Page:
Magnum Force, the second in the series, literally takes aim at its liberal critics; as the credits end, Harry points his .44 Magnum straight at the screen and shoots. With a group of rogue patrolmen playing the bad guys, the film tries to peg its antihero as a lesser evil. This is a bit of a con – Harry is excessive no matter who the antagonist is. But it’s difficult to deny the guilty pleasure in watching a perpetually pissed-off Eastwood battle the system until he gets frustrated and pulls out his cannon of a handgun. Next up was The Enforcer, the only film in the series that recognises the potential for humour in Eastwood’s stony mutterings. Under the direction of James Fargo, and paired with a female partner (Tyne Daly) for the first time, this was Harry’s last great outing.
Tuesday, May 31, 2011
Dirty Harry Box Set: DVD Review
In 1971, Clint Eastwood was on the verge of becoming a star. Sergio Leone’s Dollar trilogy had rescued him from TV Westerns and made him a marquee name (even if it was a man with no name). But it was with Dirty Harry, and in particular the scene which ends with “Well do ya, punk?”, when Eastwood’s scowl passed over into legend. The film, directed by Don Siegel, was as taut a cops-and-robbers tale as Hollywood ever produced but no one at the time paid attention to the craft involved. Critics, the media and the public were divided down the middle on the issue of whether the film was, as per reviewer Pauline Kael’s famous putdown, a “fascist work of art”. What’s interesting is how the remaining Dirty Harry films would take the premise of an edgy, violent cop at war with the system and tweak it in ways that were often unexpected.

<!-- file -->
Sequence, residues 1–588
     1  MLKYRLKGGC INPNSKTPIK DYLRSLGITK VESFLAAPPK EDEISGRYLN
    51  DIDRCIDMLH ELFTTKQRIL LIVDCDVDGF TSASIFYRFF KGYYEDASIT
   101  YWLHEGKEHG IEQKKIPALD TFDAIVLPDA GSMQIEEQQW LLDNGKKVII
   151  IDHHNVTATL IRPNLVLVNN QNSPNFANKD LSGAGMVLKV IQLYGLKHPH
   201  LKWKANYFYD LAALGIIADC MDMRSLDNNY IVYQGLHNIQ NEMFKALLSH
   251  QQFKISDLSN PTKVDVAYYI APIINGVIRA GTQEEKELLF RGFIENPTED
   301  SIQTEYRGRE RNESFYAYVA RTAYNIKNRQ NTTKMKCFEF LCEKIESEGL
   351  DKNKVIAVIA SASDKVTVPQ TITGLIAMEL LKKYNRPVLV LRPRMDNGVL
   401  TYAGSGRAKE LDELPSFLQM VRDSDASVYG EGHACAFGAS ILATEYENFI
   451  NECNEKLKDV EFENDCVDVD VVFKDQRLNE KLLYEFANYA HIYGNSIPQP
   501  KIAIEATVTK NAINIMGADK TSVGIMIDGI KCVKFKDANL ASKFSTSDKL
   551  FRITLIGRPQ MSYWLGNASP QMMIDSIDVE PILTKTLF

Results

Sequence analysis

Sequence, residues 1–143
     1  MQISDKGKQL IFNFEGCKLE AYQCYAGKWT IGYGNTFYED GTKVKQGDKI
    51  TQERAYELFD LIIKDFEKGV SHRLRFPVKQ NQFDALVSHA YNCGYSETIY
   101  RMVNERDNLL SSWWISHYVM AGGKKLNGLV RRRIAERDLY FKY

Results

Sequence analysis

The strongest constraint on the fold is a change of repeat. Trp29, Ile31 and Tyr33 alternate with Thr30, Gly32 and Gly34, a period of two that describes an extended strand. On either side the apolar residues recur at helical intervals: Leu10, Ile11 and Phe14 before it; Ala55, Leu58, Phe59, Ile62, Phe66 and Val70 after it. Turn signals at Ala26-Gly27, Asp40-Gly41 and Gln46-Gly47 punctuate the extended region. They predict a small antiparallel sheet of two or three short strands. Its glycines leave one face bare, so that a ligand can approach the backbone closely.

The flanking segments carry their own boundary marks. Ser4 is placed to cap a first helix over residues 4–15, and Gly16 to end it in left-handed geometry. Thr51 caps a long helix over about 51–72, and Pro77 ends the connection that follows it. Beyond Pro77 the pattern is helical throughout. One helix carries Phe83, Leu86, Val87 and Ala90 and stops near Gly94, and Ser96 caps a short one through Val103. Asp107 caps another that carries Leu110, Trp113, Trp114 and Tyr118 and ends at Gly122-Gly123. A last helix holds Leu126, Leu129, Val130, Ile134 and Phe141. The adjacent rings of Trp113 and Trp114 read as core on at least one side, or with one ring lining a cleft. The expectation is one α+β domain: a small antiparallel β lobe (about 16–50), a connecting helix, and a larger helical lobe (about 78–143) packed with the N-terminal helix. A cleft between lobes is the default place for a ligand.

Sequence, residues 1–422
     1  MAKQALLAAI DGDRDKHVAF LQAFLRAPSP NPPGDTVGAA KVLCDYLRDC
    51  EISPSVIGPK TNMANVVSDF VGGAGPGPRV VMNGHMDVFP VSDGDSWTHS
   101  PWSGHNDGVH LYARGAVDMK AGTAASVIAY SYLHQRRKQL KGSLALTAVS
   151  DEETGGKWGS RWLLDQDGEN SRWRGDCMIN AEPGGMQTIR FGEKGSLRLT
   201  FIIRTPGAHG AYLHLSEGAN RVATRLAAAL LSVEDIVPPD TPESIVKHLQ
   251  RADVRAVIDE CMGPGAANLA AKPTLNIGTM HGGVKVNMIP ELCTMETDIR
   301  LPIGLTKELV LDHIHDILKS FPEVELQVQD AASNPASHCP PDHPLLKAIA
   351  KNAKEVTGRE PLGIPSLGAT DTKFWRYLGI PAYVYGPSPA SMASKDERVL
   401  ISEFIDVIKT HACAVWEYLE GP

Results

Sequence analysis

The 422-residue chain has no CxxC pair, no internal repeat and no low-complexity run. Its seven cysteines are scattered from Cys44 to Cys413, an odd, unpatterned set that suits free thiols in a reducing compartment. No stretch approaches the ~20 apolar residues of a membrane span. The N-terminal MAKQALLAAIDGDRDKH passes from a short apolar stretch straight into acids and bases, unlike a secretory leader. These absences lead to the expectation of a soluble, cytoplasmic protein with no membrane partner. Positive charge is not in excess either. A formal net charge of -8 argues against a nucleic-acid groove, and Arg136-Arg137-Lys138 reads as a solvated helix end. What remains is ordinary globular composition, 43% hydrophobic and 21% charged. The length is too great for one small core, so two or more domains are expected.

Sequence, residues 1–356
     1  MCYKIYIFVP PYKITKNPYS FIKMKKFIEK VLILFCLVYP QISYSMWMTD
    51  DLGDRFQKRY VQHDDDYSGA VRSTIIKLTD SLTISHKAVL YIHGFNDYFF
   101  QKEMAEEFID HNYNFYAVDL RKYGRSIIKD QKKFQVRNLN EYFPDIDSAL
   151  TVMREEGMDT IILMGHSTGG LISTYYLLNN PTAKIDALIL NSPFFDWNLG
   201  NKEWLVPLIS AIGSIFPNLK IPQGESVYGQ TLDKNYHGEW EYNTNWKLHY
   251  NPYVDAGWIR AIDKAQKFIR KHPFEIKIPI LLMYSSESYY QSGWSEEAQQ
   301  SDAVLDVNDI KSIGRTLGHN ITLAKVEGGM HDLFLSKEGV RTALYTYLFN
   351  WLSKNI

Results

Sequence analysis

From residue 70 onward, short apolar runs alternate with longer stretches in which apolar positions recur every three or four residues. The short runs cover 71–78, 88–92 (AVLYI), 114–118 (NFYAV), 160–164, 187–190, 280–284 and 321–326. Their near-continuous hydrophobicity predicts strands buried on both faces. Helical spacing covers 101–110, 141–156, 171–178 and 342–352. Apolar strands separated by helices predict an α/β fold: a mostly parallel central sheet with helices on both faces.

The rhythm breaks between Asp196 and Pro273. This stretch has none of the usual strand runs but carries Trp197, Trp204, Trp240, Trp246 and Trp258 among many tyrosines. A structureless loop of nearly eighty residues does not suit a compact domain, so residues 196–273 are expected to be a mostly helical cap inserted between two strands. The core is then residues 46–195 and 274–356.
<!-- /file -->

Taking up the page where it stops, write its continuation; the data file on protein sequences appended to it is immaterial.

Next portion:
Two more films would follow. Sudden Impact, with Eastwood himself directing, tried to present a more sympathetic killer, but ended up trite and predictable. The Dead Pool, directed by Eastwood’s one-time stunt double Buddy Van Horn, was also unremarkable, the only point of interest being a cameo by pre-fame Jim Carrey. Despite this decline in quality, the series as a whole has been remarkably influential (its raggedy spiritual heirs range from Lethal Weapon to Bad Boys) – a fact you’re reminded of again and again by the numerous special features on this box set. There are audio commentaries for three of the films, discussions on Harry, his methods and cinematic legacy and several looks back at Eastwood’s career. We’d recommend the Sudden Impact commentary by critic and Eastwood biographer Richard Schickel; perceptive and wry, it’s a good deal more rewarding than the film itself.